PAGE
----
Now that Pat White is off to the National Football League, what happens to West Virginia University's football team, especially at quarterback?
We would all like to know the answer to that question, but we will have to wait five or six months to have the ability to answer that question. For now though, speculation is the order of the day.
The football team should be fine, but many questions are still unanswered stemming from the new coaching transition experienced last year. Last year new head man Bill Stewart was often criticized for his tendency to gush over his team when, perhaps, more of a stern hand seemed to be in order. Then there were some instances where his game management was questioned by the Monday morning quarterbacks.
Then there was the introduction of new offensive coordinator Jeff Mullen to the staff. When Stewart assembled his new staff, he was able to bring in many highly qualified assistants with ties to the Mountaineer program. Mullen wasn't one of them. Mullen came from Wake Forest as quarterback coach. He was new to the coordinator position at this level. That was fine, by most accounts Mullen was a rising star.
When the season started what was supposed to be a high powered West Virginia offense looked very average. That was unsettling to Mountaineer fans who thought the return of White, Noel Devine and the entire offensive line would overshadow the loss of Steve Slaton, Owen Schmitt and Darius Reynaud.
The loss of those players can't be overstated. What Mullen was doing with the new offense didn't look a lot different than what Richard Rodriguez had been doing, but the change was enough to slow the process. The blocking schemes changed and the line had difficulty in short yardage situations. In the line's defense, the absence of Schmitt's blocking and running on short yardage plays was a huge factor missing in the equation.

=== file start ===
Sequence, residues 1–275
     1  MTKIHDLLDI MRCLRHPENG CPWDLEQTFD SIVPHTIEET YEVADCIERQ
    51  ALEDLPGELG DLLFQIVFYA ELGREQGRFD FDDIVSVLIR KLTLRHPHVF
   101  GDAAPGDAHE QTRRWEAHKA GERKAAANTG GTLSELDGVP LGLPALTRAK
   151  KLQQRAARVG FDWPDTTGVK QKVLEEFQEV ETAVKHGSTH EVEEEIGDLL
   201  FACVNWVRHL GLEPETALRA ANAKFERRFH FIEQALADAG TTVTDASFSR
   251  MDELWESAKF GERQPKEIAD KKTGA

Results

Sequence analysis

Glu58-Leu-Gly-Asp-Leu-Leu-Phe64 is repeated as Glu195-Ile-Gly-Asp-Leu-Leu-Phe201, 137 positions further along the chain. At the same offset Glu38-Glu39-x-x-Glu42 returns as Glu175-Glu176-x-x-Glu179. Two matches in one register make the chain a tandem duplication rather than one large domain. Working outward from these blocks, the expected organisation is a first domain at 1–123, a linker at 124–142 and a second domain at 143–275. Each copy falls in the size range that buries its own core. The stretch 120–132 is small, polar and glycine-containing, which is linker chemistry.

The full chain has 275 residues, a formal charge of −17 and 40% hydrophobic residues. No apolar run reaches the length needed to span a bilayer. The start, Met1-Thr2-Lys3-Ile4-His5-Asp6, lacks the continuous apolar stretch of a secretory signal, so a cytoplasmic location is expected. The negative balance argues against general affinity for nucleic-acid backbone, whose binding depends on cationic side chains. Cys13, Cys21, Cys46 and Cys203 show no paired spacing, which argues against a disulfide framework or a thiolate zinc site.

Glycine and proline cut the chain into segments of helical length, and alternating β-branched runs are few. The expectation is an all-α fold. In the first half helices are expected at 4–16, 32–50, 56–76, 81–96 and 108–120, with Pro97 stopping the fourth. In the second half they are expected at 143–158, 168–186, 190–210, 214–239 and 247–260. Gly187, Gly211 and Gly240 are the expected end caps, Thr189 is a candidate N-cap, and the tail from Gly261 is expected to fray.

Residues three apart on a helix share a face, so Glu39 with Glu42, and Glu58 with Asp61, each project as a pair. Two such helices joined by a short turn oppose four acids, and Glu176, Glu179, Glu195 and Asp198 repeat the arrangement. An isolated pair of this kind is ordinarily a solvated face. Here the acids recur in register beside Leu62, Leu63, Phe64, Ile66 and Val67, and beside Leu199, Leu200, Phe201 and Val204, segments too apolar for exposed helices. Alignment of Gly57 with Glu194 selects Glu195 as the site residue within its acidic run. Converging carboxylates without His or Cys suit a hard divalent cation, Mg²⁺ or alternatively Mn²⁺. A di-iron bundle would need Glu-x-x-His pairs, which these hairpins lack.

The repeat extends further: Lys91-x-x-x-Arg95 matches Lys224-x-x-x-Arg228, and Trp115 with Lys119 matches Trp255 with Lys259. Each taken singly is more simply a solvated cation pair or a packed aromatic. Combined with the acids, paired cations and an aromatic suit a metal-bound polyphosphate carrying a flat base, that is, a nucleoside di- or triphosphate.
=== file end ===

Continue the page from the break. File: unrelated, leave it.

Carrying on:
Then there was the tweaking of White's overall game. He was being asked to have more of a pocket presence. To the untrained eye it just looked like Pat White struggled to get totally comfortable in the pocket. Being a very coachable player, White worked at becoming better at it. Many attribute Mullen's tutelage of White with the athlete being a recent second round quarterback selection in the NFL draft. The school of thought is White may not have gotten a look at quarterback without accepting some of the changes Mullen wanted.
Still, for most of the season White ended up winning games with his legs, or by making plays out of the pocket. By the time WVU played in the December Car Care Bowl in Charlotte, Pat White looked like a very good pocket passer.
Now Mullen will turn the offense over to senior quarterback Jarrett Brown. No player may ever be able to put the team on his back the way White did, but Brown is an intriguing player. Brown has experience as three year backup to White. He has two career starts and plentiful meaningful snaps since White was often nursing injuries sufficient enough to keep him sidelined from time to time. Brown is 2-0 as a starter.
There is a lot to like about Brown. First of all he patiently waited behind White for his chance to play. Brown bided his time by playing as a sophomore for Bob Huggins and the Mountaineer basketball team. Last year he got some plays at fullback, an experiment which had him dinged at an inopportune time. He is 6-3, 225 and has a cannon for an arm. He looks as though he throws 40 yard darts with the flick of his wrist. He is the ideal quarterback for Mullen and the offense he wants to implement.
Brown can run too. Pat White was only a little faster than Brown who runs a 4.6 40. Obviously not as elusive as White, Brown will physically punish defenders if he chooses to lower his shoulder in the open field.
The Achilles Heel here?
West Virginia is woefully thin at quarterback, so don't expect to see Brown looking to run over opposing linebackers. Brown's backup on the depth chart coming out of spring practice is starting wide receiver Brad Starks. Redshirt freshman Coley White apparently is not ready to assume the backup role at this juncture. Highly regarded incoming freshman Geno Smith will get every chance to earn the number two spot in August. Odds of having a true freshmen effectively playing at this level aren't great. Depth at QB is probably the biggest concern going into fall camp.